Nevertheless, Dadd’s father accompanied his son on a trip to Kent in late August 1843. It seems this was supposed to be a sort of get-well trip, for Dadd had apparently promised to talk to his father about his mental state. Instead of talking, though, Richard murdered his father by attacking him with a knife and razor.
            Richard immediately fled to Calais in France, where, despite being detained on account of his bloodstained clothes, he was later freed.  (Whose bright idea was that?) By that time, though, a search was on for Dadd because a brother of his rightly suspected that Richard had killed their father. After trying to cut the throat of another traveler, Richard was taken into custody in Paris and sent to an asylum. He admitted he had murdered his father (well, actually he admitted he had murdered the devil in disguise), and he even had a hit list; his father had been at the top of this list.
            Dadd was not returned to England until late July 1844. He pled guilty and was sentenced to the criminal lunatic department of Bedlam. He stayed there until late July 1864, when he was removed to Broadmoor, a new, improved state asylum. Here he remained until his January 1886 death from tuberculosis. Despite continuing to suffer from delusions, Dadd remained intellectually active throughout his life, reading Latin satires and playing the violin.
            Dadd actually did his most famous paintings while at Bedlam. This includes The Fairy Feller’s Master-Stroke, the painting I saw at the Tate Britain. This painting is incredibly, almost obsessively, detailed. It seemed more like a fantastical photograph than something a person had painted by hand.
            Dadd was clearly a gifted painter. I won’t go into details because I am not an art critic or an art historian. His work is pretty darn cool, which is good enough for me.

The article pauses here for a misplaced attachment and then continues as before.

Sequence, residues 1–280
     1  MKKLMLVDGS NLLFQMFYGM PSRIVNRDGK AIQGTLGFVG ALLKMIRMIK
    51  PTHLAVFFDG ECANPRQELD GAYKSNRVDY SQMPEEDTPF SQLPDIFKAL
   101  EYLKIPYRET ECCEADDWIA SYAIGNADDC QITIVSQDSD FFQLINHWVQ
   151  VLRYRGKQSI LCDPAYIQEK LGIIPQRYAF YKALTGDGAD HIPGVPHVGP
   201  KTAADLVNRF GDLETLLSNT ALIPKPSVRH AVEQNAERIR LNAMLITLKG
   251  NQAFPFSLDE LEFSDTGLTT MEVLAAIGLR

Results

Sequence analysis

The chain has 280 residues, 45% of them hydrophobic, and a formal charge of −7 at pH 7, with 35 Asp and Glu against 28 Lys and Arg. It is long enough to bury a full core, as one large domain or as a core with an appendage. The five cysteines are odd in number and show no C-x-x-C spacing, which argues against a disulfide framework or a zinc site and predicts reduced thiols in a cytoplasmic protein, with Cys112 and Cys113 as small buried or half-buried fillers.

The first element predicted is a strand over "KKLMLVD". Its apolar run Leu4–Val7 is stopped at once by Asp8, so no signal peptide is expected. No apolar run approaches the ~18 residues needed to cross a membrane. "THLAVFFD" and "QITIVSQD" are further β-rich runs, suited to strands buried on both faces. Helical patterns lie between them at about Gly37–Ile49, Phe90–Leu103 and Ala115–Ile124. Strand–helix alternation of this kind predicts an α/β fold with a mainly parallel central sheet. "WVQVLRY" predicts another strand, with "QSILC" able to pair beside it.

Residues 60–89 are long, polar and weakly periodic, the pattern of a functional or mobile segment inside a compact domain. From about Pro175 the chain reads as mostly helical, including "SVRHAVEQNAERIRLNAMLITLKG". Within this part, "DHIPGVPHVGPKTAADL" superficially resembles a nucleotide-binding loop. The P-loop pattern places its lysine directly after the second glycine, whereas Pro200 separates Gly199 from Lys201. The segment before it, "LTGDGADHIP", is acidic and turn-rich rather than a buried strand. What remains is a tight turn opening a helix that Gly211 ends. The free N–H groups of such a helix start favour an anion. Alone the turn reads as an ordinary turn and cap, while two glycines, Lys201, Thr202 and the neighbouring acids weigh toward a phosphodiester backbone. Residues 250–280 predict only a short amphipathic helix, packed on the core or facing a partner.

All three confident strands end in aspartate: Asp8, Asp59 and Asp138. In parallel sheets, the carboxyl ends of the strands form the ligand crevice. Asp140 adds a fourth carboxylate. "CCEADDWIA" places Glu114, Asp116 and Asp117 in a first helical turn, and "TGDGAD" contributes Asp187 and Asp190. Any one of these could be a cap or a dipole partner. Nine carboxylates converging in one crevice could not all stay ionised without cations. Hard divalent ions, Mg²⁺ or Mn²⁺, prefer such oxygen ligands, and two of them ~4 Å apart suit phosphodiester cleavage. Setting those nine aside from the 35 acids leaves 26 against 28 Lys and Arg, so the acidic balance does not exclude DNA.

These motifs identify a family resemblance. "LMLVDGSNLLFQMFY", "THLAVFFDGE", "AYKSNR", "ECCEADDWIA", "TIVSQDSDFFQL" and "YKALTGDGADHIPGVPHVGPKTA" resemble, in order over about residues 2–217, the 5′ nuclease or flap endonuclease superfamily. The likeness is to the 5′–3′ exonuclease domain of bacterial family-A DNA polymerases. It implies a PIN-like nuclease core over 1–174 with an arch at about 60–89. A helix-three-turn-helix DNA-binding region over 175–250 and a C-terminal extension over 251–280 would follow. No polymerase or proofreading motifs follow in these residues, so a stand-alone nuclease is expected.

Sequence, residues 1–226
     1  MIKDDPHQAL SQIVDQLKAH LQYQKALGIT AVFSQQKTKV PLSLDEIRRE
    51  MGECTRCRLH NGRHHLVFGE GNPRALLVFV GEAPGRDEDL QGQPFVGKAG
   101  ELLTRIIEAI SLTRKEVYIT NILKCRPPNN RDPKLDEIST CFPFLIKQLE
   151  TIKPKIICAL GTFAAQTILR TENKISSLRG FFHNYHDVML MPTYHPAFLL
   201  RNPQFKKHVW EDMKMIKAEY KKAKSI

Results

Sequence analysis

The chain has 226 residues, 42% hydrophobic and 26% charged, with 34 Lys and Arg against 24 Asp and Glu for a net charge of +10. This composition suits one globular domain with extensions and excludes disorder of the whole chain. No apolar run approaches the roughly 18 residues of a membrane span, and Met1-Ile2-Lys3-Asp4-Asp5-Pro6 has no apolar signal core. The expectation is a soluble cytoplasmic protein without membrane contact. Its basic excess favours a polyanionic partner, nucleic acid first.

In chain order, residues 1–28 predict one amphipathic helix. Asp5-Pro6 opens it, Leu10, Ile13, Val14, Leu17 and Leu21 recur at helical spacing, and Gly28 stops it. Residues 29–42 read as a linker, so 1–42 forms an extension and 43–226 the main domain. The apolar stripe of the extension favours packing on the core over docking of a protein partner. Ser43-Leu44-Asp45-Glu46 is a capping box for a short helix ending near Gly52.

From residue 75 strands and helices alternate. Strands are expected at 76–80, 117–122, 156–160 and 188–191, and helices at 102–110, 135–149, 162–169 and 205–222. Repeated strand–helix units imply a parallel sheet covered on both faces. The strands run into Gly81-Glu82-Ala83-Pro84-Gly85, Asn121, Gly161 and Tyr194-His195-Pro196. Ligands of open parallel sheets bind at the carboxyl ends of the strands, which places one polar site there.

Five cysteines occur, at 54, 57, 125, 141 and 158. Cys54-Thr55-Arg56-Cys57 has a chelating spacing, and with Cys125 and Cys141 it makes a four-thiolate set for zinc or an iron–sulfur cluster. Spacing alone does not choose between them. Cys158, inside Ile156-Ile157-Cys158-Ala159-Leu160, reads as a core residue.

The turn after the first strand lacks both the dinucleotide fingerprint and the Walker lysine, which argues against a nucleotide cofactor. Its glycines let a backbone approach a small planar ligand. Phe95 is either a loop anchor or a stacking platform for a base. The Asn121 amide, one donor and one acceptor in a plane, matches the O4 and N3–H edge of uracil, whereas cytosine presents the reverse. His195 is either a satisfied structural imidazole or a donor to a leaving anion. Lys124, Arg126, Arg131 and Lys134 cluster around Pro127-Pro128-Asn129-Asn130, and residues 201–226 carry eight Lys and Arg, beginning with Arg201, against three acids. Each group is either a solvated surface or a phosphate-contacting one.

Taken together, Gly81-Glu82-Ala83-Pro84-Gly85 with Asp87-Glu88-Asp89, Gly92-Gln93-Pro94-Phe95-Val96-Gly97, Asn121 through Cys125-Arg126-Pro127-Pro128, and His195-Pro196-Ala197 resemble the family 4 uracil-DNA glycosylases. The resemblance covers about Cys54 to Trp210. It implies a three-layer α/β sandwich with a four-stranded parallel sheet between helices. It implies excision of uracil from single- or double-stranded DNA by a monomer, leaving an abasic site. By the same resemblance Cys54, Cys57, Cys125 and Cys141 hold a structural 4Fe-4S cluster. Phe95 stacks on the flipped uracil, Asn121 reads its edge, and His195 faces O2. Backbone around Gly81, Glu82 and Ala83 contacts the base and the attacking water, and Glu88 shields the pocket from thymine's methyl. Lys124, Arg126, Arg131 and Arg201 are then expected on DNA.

One website (linked below) mentions that some scholars claim Dadd was suffering from bipolar disorder. I think it sounds more like he was suffering from (paranoid) schizophrenia, which tends to hit in the twenties (thereby fitting Dadd’s timeline) and causes its sufferers to hear voices (such as Osiris). However, I’m neither a psychologist nor a psychiatrist, so don’t take my word for it.
            So there you have the rather tragic and fascinating tale of Richard Dadd. It is probably a testimony of his desire to paint that he was able to do his greatest work while in a nineteenth-century mental hospital. Conditions were less than ideal in those places.

Want to know more about Dadd? There’s a Wikipedia entry (http://en.wikipedia.org/wiki/Richard_Dadd), but I found the following to be a much better website. I got most of my information there (and from the glorious Oxford DNB).


Also, follow this link to see the eight works by Dadd housed at the Tate Britain.